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Ten landscape architecture projects by the University of Southern California

Dezeen School Shows: a park in downtown LA built beside a railway station is included in Dezeen’s latest school show by students at the University of Southern California.

Also included is a scheme that aims to implement landscape architecture methods that stop diseases from spreading, as well as a project examining the impact of wildfires.


Institution: University of Southern California
School: School of Architecture
Course: Master of Landscape Architecture and Urbanism
Tutors: Alexander Robinson, Jessica Henson, Aroussiak Gabrielian, Jennifer Toy, David Maestres, Greg Kochanowski and Aja Bulla-Richards

School statement:

“Landscapes are the dynamic synthesis of natural systems, sociocultural forces and the physical material of the constructed world.

“The USC Graduate Programme in Landscape Architecture and Urbanism (MLA and U) prepares students to be leaders ready to take on challenges of climate change and environmental injustice through the design and planning of landscapes across scales.

“Landscape architecture is a broad field that encompasses the design of a complex range of environments outside our buildings.

“Our programme is focused on the public realm, spanning scales of impact from site design to urban design and infrastructure to territorial responses to climate stress that impact our immediate region and around the globe.

“With access to one of the most culturally and environmentally diverse geographies in the world – a biodiversity hotspot within an hour’s drive from the Pacific Ocean, the San Gabriel Mountains and the western edge of the Sonoran and Mojave Deserts – Southern California offers a robust laboratory from which to learn, while offering applications all over the globe.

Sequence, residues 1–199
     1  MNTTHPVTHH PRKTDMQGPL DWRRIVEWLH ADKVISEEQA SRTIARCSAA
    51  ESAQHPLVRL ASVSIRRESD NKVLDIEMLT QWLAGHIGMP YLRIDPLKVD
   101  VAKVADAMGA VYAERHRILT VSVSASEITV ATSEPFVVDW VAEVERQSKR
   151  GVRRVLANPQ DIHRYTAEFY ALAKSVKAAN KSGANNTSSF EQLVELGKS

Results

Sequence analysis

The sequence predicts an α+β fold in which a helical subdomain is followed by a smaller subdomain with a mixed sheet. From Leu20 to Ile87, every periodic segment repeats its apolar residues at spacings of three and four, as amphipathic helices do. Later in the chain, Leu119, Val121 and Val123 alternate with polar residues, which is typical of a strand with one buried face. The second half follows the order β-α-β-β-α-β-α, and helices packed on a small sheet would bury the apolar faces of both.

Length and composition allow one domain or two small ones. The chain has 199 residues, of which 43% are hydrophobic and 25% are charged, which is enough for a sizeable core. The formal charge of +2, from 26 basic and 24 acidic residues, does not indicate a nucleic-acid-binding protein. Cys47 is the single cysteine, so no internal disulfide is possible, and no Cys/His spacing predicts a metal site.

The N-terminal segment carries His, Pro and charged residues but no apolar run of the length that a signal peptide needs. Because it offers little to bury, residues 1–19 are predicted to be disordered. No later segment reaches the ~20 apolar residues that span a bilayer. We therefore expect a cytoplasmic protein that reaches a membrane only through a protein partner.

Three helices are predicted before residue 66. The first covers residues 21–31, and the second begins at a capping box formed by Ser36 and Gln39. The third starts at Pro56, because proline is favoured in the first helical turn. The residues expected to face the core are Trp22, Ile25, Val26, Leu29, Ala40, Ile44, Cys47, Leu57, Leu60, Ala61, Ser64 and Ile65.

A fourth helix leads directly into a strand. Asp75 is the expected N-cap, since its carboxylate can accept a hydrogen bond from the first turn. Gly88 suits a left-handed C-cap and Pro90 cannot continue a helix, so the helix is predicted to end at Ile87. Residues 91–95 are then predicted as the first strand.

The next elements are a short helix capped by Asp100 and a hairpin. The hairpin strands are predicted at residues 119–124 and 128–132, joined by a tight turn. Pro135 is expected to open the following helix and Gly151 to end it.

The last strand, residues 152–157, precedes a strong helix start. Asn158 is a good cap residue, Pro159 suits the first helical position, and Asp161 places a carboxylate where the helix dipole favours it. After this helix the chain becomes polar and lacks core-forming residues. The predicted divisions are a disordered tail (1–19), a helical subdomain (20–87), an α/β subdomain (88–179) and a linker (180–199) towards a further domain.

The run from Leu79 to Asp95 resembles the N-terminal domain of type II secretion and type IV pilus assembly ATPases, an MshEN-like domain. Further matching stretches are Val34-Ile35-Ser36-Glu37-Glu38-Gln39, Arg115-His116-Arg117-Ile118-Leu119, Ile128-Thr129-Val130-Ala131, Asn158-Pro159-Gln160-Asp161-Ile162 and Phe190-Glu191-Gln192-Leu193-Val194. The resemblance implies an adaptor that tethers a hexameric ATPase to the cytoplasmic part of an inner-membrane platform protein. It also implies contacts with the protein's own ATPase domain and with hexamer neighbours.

“The programme has formalised its priority areas in environmental, social and climate justice through the Landscape Justice Initiative.

“The initiative strengthens the programme’s standing commitment to applied research and practice in communities that design has not historically reached.

“It includes Test Plot, a programme focused on the future of land care.

“The Landscape Futures Lab offers a rigorous curriculum in biodesign and material experimentation, and the Los Angeles River Integrated Design Lab provides a hydraulic modelling facility that engages students first-hand with the complex hydrological pressures of urbanisation today.

“Students graduate from the MLA and U programme with a proactive toolkit to address the impacts of climate stress on vulnerable humans, species and natural systems.”


Visualisation showing a concrete square with plants and waterfalls on a university campus

The Tidepools by Danielle Vonlehe

“Catalina Island is located 47 miles from Los Angeles. Notable for its magnificent kelp forests, the Catalina Island Fox and minimal human development, this dynamic coastal ecology is integral to the biodiversity of the southern California region.

“This project, executed during the first semester of the three-year MLA programme at USC, is a translation of tidepool ecology from Cata­lina Island to a barren concrete square on the USC Campus.

“The ground is structured on five different levels. Three high and two low levels correspond to the three high tides and two low tides per day on Catalina Island.

“The design is a multifunctional assemblage that takes into account the university’s circulation – some areas serve as intimate spaces in which to study or think, while others offer more expansive space to host large social groups or an outdoor class.